Achiever's challenge

Achiever's challenge

Since winning the Student of the Year award, Jolie Chow has balanced her career with hobbies

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Photo: Nora Tam/SCMP
When Jolie Chow Mei-kwan won SCMP's Student of the Year Award in 2002, she was a 17-year-old student at St Paul's Convent School. She was an all-rounder who earned nine As in the Hong Kong Certificate of Education Exam, and enjoyed dancing, singing, poetry recital and debating. She also found time to serve the community and do charity work.

After she graduated from secondary school, she was accepted by both the University of Hong Kong and Yale University in the US. She chose Yale because she wanted to explore the world and achieve her life goals.

At university, she found she had a passion for economics and international studies, and earned an internship with Morgan Stanley. In 2006, she joined the company and was sent to Harvard Business School to complete a two-year master of business administration programme. She is now an associate in the investment banking division at Morgan Stanley.

What the Student of the Year Award has meant to me

"It was a very meaningful award for me. It recognised my achievements and, more importantly, set me up as a role model. I felt a sense of responsibility towards my fellow students," says Chow, now 29.

Be grateful for what you have

With all the success throughout her life, Chow has always remained grateful.

"I'm very lucky. I've been surrounded by the best people in every field throughout my life. When I was a student in Hong Kong and overseas, I learned from the best teachers. Now, in my investment banking career, I'm learning from very experienced and talented bosses and colleagues."

Above all, she is most grateful for her parents' unfailing support through her ups and downs.

"My parents are my role models. They made me grounded and shaped me into a positive, cheerful person. The most important lesson I've learned from my mum is to treasure what I have - right here and right now."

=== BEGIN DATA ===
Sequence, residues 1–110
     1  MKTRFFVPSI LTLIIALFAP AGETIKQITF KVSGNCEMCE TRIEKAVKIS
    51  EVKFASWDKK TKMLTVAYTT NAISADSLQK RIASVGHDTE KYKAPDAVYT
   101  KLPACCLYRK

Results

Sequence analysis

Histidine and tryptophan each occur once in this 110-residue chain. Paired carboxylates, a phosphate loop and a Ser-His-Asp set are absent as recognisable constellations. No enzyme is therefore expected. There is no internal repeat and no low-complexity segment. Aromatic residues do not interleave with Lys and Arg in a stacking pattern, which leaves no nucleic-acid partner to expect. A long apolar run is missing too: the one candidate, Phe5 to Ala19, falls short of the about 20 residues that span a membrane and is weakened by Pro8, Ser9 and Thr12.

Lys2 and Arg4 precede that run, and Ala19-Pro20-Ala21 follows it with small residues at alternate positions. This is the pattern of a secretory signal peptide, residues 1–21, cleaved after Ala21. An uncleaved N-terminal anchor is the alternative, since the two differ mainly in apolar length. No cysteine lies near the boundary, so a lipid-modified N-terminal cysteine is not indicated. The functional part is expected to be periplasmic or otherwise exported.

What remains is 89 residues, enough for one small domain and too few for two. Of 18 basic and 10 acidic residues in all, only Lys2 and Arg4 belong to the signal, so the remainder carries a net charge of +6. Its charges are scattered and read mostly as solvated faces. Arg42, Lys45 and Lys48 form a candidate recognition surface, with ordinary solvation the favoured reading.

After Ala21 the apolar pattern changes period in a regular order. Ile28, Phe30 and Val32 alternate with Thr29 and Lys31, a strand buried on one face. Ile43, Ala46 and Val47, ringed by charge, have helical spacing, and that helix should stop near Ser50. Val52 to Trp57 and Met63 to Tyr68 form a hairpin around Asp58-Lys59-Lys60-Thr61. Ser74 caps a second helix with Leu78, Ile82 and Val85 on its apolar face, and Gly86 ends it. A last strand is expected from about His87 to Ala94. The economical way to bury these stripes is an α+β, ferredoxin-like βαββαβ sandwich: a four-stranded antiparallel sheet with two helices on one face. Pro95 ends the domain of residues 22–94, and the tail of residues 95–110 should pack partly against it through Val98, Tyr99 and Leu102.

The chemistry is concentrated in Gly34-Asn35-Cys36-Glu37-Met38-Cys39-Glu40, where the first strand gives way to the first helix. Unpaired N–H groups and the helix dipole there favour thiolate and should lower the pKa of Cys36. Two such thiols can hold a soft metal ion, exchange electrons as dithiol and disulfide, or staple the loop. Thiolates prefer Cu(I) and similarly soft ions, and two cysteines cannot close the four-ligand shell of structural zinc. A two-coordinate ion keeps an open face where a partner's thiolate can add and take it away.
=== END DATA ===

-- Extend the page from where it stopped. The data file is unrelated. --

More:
"My parents gave me the freedom to explore my many interests, which helped me to be independent. I think all parents should learn to let their children take risks. This is the way we learn best and find out what we truly want in life."

Learn to prioritise your life

Working in an international company means a lot of challenges and a busy schedule. Even so, Chow is determined to give her best and show a positive, cheerful spirit.

"Who isn't busy in Hong Kong? The key, as my mother taught me, is to prioritise and focus on what's important in life. If you learn to do that, you'll find plenty of time on your side. For example, spending time with my family every week is very important, and I prioritise that."

While many people give up their hobbies once they enter the workplace, Chow has kept hers alive to keep her life balanced.

"I still dance occasionally for fun. And I now sing with an amateur a cappella group. We perform regularly and it's fun. Dancing and singing to me are forms of communication, and communication is what I do with people every day."

What we all need to know

"No one is entitled to anything, so don't take anything for granted. Find out what you want in life by asking the right questions, and then search for the answers to your questions."

What makes a Grand Prize winner

"Academic and non-academic excellence is just a basic requirement. Students today are all very smart. But what make you stand out are your leadership skills and your passion. Are you willing to go out of your comfort zone and initiate change? Are you passionate about what you do?

"Your character also counts. Are you someone with a good character and positive attitude, who is polite and diligent, and not constantly comparing yourself with others but just doing your best?"

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